FOLLOW-UP to Wubinson, who we introduced you to in our last report: Following Hurricane Matthew in October 2016, people in Southern Haiti became very desperate. Poorly organized aid distributions resulted in chaos as people fought for food and during one incident in November 2016, several children were shot. One of those children was Wubinson. He had left his distant rural community and traveled on his own to Les Cayes, so his parents had no idea where he was or what condition he was in. He laid, alone, for eight days in the general hospital with two bullets in his head and absolutely no medical care – not even painkillers. He hadn’t been fed and was too weak to walk on his own. Local Social Services referred him to LFBS and we quickly transferred him to a hospital in which he had eye surgery to remove one of the bullets.  His family home had been completely destroyed by the hurricane and his mother made a makeshift shelter covered with sheets – she didn’t even have a tarp (photo). Once Wubinson was healthy, he was reunited with his family and began attending school. However, doctors were concerned about Wubinson’s wounds staying clean in such unsanitary living conditions. NOW, we through strategic partnerships and amazing supporters, this family now has a clean, safe home (photo)!

Because of YOU, these children can know a life with their families, with healthcare, safety, education and joy – the chance for a real future! Please share with friends so that they too can be catalysts for true and continued change.

Sasha and Easter puppies!
Sasha and Easter puppies!
Guerna today - attending school!
Guerna today - attending school!
Wubinson's family home before...
Wubinson's family home before...
...and now!
...and now!

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New Homes, New Skills, Rising Up to the Challenges
New Homes, New Skills, Rising Up to the Challenges

The amazing co-founder and Head of Haiti Operations, Morgan Wienberg, a fitness enthusiast when she gets the chance, recently reflected that “Life is like a workout: When you accept a challenge - try something difficult, or new, or heavier than you're used to handling - that is when you grow. That is when you learn that you're stronger than you thought!” In the short months since the devastation of Hurricane Matthew, the examples of our children, families, staff and communities rising to the challenges are everywhere! 

Homes have, and are, being built and repaired in Hurricane aftermath, led by LFBS staff and workers including the family members as well as LFBS youth as skills training for components of home building. Having a basic shelter is a huge step forward! (photos)

A New Year and back to the important work of learning...it's school time! Uniforms, shoes, books, school supplies lost in Hurricane Matthew’s devastating path have been remade or repurchased thanks to your support. (photo) Schools have been repaired and reopened.  School also begins for the boy, Wubinson. who in October - was laying abandoned at the hospital, with two bullets in his head and, following the surgery to remove a bullet and his eye, he remained in LFBS care at our Safehouse until he was well enough to be reunited with his family.Well, here he is, a happy student! (photo)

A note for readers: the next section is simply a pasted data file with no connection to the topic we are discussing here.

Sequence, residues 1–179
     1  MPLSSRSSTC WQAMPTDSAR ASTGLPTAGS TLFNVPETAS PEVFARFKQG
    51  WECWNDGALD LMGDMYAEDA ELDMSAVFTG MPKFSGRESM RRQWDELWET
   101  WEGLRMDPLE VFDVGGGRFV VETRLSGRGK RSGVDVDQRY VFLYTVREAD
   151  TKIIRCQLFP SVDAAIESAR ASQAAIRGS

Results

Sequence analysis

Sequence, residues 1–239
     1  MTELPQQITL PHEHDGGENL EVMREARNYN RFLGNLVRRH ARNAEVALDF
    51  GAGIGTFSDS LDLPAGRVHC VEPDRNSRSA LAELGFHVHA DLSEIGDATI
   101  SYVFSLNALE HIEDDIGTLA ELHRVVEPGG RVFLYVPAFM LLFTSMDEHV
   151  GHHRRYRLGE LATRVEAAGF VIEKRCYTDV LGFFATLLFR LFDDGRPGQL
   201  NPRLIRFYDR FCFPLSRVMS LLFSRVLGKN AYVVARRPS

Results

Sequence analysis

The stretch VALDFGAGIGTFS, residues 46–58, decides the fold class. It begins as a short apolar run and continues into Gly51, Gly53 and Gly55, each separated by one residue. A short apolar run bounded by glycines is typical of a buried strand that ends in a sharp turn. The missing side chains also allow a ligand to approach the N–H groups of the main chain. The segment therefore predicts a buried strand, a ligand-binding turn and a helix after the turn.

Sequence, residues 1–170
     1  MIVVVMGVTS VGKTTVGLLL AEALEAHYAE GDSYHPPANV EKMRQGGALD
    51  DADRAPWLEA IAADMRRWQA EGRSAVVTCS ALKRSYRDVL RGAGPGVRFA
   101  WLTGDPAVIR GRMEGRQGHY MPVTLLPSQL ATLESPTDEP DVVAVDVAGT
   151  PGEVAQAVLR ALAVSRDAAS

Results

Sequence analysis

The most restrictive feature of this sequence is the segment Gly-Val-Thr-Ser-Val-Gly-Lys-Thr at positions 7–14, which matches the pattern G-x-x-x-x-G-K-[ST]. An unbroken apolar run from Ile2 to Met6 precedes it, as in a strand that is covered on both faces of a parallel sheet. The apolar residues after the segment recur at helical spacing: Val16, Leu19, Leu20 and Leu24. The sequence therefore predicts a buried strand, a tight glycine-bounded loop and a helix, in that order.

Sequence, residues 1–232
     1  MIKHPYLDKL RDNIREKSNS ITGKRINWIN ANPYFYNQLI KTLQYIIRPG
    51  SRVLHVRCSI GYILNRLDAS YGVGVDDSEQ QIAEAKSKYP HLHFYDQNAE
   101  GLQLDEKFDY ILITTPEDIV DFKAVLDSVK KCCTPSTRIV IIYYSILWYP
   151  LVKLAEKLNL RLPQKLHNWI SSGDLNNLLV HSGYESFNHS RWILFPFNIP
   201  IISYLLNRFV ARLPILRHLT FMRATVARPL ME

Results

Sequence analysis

Our outstanding staff team have participated in numerous training sessions, building their capacity, confidence and knowledge-base: Informed Trauma Care training workshops, with UNICEF for training in the identification and referencing protocol for malnourished children, Gender Based Violence with OXFAM, (photos)

Outreach and Advocacy - Medical and Agriculture. Our Outreach Medical team continues to provide consultations and care to children and families in both Les Cayes area and the communities of the southern peninsula. Our medical team has also facilitated medical clinics in vulnerable orphanages, resulting in reports of concern to the Haitian Social Services staff that we work along side. This includes abandoned babies in the general hospital. Agriculture training and replanting continues under the expertise of LFBS’s local Agronomists. Replanting crops and trees – all of which were destroyed, during harvest time, in the hurricane, will mean not only food security, but provide opportunity for income as well. Re-establishing crops, nurseries, and grassland is also a critical aspect to support the ecosystem and environmental recovery. (photos)

Proud and excited to help spread the message during Karnival – our children, wearing t-shirts bearing the same message and logos of the large banner they carried – joined in the parade down the main streets! "Pwoteje timoun yo se Konstwi yon demen miyo! Protecting children is building a better tomorrow!" (photo)

Many thanks to each and every one of you for the support you have provided for each child, family member and staff to meet the recent, unimaginable challenges, and to not only survive and work toward recovery from October devastation...but to RISE UP! Along with photos, you will find a link below to our Annual Report. 

YOU helped this to happen <3

Wubinson, missing an eye, but an eager learner!
Wubinson, missing an eye, but an eager learner!
Children across the south return to school
Children across the south return to school
LFBS staff undertaking special learning as well
LFBS staff undertaking special learning as well
Outreach Medical Clinics and Replanting Assistance
Outreach Medical Clinics and Replanting Assistance
Protecting Children is Building a Better Tomorrow
Protecting Children is Building a Better Tomorrow

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Organization Information

Little Footprints, Big Steps - IDO

Location: Whitehorse, Yukon - Canada
Website:
Facebook: Facebook Page
Twitter: @Little Footprints, Big Steps
Project Leader:
Karen Wienberg
Whitehorse, Yukon Canada
$66,047 raised of $90,000 goal
 
1,003 donations
$23,953 to go